Planning strategies that investors should keep in mind during times of market uncertainty and volatility include reviewing bank accounts and being mindful of FDIC limits. Other steps include taking advantage of tax planning with strategies like loss harvesting, asset location optimisation, implementing distribution strategies and staying diversified. 

Moving into 2024 investors should continue planning for the potential tax law changes in 2026 as the current tax structure is scheduled to sunset in 2025. 

Tax considerations

While section 179 depreciation and bonus depreciation are available for qualified, new and used assets, it is important to note that bonus depreciation has decreased from 100% to 80% in 2023. This will continue to decrease to 60% in the coming 2024 tax year.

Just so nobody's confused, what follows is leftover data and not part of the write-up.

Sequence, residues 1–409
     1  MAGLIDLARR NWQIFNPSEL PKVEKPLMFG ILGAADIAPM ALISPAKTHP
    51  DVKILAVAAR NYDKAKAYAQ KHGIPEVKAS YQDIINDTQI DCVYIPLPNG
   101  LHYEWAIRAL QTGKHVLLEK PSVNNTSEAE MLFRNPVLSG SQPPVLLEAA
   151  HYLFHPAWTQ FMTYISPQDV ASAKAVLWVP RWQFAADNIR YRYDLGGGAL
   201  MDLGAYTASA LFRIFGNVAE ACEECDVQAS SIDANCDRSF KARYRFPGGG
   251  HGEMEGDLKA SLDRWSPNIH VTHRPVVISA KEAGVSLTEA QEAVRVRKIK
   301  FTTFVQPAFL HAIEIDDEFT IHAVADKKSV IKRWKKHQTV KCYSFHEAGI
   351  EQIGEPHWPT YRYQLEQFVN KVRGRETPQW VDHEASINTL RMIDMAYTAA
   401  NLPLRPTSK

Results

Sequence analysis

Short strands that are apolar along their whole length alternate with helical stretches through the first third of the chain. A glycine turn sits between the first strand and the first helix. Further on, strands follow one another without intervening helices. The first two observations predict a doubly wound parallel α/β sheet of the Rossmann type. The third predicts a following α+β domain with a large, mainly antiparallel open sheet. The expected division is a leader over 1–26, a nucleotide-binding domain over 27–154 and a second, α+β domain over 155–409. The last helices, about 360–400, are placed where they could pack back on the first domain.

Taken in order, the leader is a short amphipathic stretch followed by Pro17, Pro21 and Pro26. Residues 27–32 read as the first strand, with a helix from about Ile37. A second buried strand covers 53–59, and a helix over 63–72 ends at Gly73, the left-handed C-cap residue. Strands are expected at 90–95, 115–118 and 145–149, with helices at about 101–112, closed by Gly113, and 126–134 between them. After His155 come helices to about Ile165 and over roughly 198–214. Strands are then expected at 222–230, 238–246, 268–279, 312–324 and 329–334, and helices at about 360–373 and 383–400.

There has been a change to the 2023 allowable tax deduction for business related meals with clients. Food items for office meals while traveling for work and meals at conferences are now 50% deductible in 2023. There was a temporary change for 2021 and 2022 that permitted meals to be 100% deductible to help boost spending at restaurants during the COVID-19 pandemic. A 100% deduction is still allowed for food at company holiday parties, food and beverages given to the public and dinner for employees that are working late at the office. Entertainment expenses continue to not be tax deductible in 2023.